Defense continues its case in Brandon Bradley murder trial

Bradley accused of gunning down Brevard Deputy Barbara Pill

Brandon Bradley ws sentenced to death for the shooting death of Brevard County Deputy Barbara Pill.
Brandon Bradley ws sentenced to death for the shooting death of Brevard County Deputy Barbara Pill.

VIERA, Fla. – The defense representing Brandon Bradley, who's on trial for murder in the slaying of Brevard County sheriff's Deputy Barbara Pill, continued to present its case on Friday.

The jury, however, was dismissed for the day around 11 a.m. after the defense interviewed a toxicologist. 

Testimony will resume at 9 a.m. Monday, and it's possible closing arguments could begin as early as Tuesday.

The toxicologist, Dr. Susan Skolly, said marijuana can influence risk-taking behavior, prompting an objection from the state and a sidebar conference with the judge.

Skolly later said she twice interviewed Bradley and watched video of his interview with police investigators.  She said Bradley started smoking pot at the age of 12 and believes he's addicted to the drug.  Skolly added that she believes Bradley was smoking about 10 blunts per day and taking Xanax leading up to the shooting.

Bradley, 24, is accused of shooting and killing Pill during a traffic stop in March 2012

On Thursday, the state closed its case in chief against Bradley with evidence of his finger on the trigger of the murder weapon. Their last witness was an FDLE analyst who said she found DNA that matched Bradley's on the grips and trigger of the alleged murder weapon, a .40-caliber Glock 27, Local 6 News partner Florida Today reported.

Earlier in the day, the state called a woman to testify who said she saw Brandon Bradley with the gun in the months before the shooting.

Amanda Ozburn confirmed that in the past that she heard Bradley say: "If I ever get pulled over they're going to have to hold court in the streets because I'm going out like a soldier."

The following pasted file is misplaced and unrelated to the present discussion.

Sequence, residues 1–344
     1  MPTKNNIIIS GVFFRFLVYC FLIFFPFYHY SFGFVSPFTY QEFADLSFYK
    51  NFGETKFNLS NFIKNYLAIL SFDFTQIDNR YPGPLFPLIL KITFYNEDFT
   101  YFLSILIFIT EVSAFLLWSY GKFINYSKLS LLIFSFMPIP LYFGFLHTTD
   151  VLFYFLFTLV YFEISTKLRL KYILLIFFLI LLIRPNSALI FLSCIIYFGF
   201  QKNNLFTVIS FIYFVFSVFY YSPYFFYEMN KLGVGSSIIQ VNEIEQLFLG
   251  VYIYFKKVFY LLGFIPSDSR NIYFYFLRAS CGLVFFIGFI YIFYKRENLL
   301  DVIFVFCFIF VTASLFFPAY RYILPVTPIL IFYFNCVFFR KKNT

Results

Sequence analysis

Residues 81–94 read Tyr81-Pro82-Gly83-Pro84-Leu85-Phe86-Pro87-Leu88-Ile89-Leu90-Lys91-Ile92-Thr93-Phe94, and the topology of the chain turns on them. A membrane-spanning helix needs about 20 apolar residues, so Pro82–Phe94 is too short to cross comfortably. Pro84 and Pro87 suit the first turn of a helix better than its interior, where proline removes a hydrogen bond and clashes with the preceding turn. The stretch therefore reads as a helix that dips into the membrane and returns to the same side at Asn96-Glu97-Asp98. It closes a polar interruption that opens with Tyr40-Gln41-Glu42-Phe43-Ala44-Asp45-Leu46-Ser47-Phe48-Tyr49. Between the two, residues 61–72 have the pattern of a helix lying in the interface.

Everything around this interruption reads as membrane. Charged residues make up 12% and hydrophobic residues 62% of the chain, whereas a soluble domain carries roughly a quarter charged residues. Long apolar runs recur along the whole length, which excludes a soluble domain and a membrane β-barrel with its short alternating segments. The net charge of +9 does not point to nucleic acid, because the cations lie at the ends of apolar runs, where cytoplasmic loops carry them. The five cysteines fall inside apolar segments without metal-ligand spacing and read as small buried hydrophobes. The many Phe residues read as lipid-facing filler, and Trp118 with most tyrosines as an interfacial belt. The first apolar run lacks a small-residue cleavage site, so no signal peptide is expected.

But Ozburn said she couldn't recall hearing that remark. She said she did cocaine the morning she gave that statement. She said her statement wasn't credible.

After the state rested, the defense made a motion for acquittal on two of Bradley's four charges. They argued the two witnesses who testified that the shooting was premeditated aren't reliable. The judge denied their motion. ?

The state and defense argued about an effort by the defense to bring in comments Bradley's co-defendant, Andria Kerchner, made to the media the day of the shooting in which she disparaged police. Judge Morgan Reinman ordered DVDs of Kerchner's testimony to review.

The defense has previously elicited testimony about Bradley's drugged state at the time of the shooting. They started their case Thursday afternoon with witnesses who spoke about tests done on Bradley's blood. Linda Sullivan, a toxicology supervisor at a Wuesthoff laboratory, said there was Xanax and marijuana in Bradley's blood. Additionally, experts found hydrocodone and cocaine in his urine. Drugs are filtered out of a person's blood more quickly than their urine.

At the end of the day, the state challenged the defense's effort to bring in two Palm Bay officers who had contact with a man who said he was on the phone with Kerchner at the time of the shooting. Jeffrey Dieguez testified in court that he overheard a man he identified as Kerchner's boyfriend ask for a gun and say he would kill the deputy because he didn't want to go to prison. On cross examination, the defense pressed him about his recollection of hearing a siren. Dieguez said he wasn't sure what he told the police the first time they spoke to him, because he had just been stabbed and was in Palm Bay Hospital. But the defense said that isn't true and he was in the hospital because he had tried to kill himself with an overdose of cocaine.

"He committed perjury in court in a capital murder." Defense Attorney Mark Lanning said.

The judge ruled the officers will be allowed to testify.